JK: In 2009 when I was investigating the 9/11 Truth movement, they were holding a rally, and I joined them, and we were outside the Council on Foreign Relations building in Manhattan, they were chanting, you know, “Down, down CFR,” and “Come out Richard Haas, you can’t have your one-world state.” And then a bunch of us went to protest outside David Rockefeller’s apartment or condo – I think he’s like over 90 years old now – and I remember I’d never really heard of Rockefeller, and some folks were telling me what a horrible person he was, and that’s when I started hearing all this stuff about the Bilderbergers. If you’re interested in the Bilderbergers you should read Conrad Black’s new book. He’s been going to Bilderbergers stuff for decades and decades, and he thinks the obsession with the Bilderbergers is hilarious because every major trend in the world, not only did the Bilderbergers not plan, they didn’t even see it coming. Black writes about being at the Bilderberg meetings in the 1980s, and everyone at the Bilderberg meetings thought the Soviet Union was going to go on for generations. None of them foresaw the end of the Cold War. In 2002, none of them thought the Iraq War was going to happen. Not only did they not plan world events, but they’re actually probably more dense than you and me about predicting world events. Bilderbergers, from talking to Conrad Black who is one of my columnists at the National Post, and talking to a few other people who go there, say it’s like this group of blowhards from Europe and the United States; they think they’re really important. They kind of lend this note of drama to the meetings by not allowing media, which I think is a mistake because it just encourages conspiracy theorists. But these are the types of people who write op-eds in the New York Times, they’re retired politicians or retired foreign affairs ministers. These folks can’t control world events, I mean look at Libya. Libya is this tiny, crappy country in the Mediterranean, and all the major world powers, the United States, Canada, France, Britain, they decided they were going to get rid of Gaddafi and it took them like six months to do it. We live in an age when even the most powerful nations in the world are powerless to bring down the Taliban in Afghanistan, they’re powerless to bring true peace to Iraq. There are terrorists running around who’ve been around for decades because the U.S. government can’t find them. I don’t understand why 9/11 truthers and other conspiracy theorists can actually imagine that a group like the Bilderbergers or their members can control world events when they can barely predict what’s going to happen tomorrow. People just aren’t that smart, including the people who run the biggest countries in the world. And the Bilderbergers is a more a group of blowhards than they are folks who are controlling a New World Order.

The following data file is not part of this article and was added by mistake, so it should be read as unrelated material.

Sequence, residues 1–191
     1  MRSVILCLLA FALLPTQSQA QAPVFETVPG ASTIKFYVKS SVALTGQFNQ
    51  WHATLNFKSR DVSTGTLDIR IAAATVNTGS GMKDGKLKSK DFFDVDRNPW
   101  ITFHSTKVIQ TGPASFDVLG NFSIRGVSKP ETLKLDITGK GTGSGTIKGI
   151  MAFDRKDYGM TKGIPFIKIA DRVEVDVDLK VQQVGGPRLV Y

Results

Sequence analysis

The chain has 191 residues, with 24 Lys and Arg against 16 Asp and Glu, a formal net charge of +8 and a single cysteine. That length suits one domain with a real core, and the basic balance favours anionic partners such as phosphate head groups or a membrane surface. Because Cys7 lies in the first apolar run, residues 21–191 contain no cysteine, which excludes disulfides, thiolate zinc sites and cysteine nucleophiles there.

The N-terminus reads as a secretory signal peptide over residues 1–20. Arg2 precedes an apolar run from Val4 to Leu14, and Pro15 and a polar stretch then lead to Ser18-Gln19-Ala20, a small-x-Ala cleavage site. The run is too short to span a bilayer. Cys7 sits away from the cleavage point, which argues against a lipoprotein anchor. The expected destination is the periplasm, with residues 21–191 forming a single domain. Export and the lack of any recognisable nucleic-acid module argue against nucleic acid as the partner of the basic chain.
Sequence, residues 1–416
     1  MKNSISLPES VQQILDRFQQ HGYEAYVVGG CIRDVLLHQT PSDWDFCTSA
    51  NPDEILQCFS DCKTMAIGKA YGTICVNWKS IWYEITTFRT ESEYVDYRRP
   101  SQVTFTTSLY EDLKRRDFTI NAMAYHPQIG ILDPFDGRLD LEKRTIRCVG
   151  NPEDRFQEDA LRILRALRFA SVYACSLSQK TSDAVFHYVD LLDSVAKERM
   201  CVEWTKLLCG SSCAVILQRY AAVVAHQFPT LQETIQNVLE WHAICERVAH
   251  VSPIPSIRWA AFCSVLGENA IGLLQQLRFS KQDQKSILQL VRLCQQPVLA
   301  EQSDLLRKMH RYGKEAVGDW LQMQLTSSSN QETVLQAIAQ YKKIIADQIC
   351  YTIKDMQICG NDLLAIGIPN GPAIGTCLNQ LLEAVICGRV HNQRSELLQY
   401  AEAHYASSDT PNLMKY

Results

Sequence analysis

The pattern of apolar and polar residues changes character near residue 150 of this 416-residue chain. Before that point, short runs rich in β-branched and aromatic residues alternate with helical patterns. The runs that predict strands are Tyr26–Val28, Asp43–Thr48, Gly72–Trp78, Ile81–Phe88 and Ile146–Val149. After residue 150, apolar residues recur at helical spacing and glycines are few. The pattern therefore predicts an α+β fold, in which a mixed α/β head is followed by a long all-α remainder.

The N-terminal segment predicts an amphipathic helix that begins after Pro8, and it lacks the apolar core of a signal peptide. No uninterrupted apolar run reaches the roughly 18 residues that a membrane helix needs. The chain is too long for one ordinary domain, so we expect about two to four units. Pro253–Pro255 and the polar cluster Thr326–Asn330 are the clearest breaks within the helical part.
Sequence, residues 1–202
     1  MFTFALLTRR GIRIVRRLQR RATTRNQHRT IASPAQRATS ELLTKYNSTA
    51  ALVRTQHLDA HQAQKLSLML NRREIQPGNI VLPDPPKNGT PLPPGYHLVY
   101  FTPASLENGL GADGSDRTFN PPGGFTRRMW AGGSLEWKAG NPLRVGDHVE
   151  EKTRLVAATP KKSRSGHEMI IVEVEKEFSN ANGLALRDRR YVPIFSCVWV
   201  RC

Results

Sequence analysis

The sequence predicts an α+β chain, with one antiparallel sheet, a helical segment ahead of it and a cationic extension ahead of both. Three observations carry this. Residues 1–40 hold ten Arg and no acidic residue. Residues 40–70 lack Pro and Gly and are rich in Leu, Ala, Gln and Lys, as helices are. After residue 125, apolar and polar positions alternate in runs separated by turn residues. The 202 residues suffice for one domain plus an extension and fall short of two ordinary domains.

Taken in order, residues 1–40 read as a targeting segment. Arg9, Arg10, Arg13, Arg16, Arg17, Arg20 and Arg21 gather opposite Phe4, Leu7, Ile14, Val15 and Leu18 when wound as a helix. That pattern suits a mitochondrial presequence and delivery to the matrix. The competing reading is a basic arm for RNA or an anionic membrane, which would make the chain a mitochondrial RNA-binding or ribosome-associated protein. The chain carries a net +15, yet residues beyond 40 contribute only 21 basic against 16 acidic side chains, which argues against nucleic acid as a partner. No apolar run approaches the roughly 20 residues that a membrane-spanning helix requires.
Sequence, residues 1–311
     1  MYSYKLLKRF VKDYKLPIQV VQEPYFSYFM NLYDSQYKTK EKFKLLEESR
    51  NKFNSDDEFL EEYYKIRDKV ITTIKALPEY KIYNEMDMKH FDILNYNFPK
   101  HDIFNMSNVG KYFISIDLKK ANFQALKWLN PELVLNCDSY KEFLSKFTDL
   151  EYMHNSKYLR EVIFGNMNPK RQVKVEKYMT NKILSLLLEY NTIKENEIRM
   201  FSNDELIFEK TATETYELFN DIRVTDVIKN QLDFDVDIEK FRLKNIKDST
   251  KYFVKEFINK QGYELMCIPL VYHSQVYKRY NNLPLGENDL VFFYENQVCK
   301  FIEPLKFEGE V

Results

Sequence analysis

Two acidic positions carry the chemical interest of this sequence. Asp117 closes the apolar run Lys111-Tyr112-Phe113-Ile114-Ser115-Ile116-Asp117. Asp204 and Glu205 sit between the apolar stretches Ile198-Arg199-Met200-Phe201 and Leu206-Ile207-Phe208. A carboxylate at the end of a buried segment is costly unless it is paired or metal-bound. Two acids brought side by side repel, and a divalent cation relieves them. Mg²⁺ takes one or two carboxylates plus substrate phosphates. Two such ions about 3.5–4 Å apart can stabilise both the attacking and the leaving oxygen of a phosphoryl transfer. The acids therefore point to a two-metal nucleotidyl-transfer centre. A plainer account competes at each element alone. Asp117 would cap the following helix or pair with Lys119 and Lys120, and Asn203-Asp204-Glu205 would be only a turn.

CM: So in his quote, Rockefeller’s thanking the media for something they’re not doing?
JK: I’m not familiar with this speech Rockefeller gave; I have no idea if it’s genuine. He could say all kinds of things. I have no idea what he’s talking about or in what context he’s delivering those remarks. But the media itself has written all kinds of scathing things about the Rockefellers. If he’s giving gratitude, I’m not sure what he’s giving gratitude for, because we live in an age when the surest way for the media to write scathing things about you is to be old and rich. Look at the kinds of things that have been written about Conrad Black or George Soros. These guys get the most scathing treatment of any in the media. So if the media is on the side of these rich plutocrats, they’re doing a pretty good job of disguising it.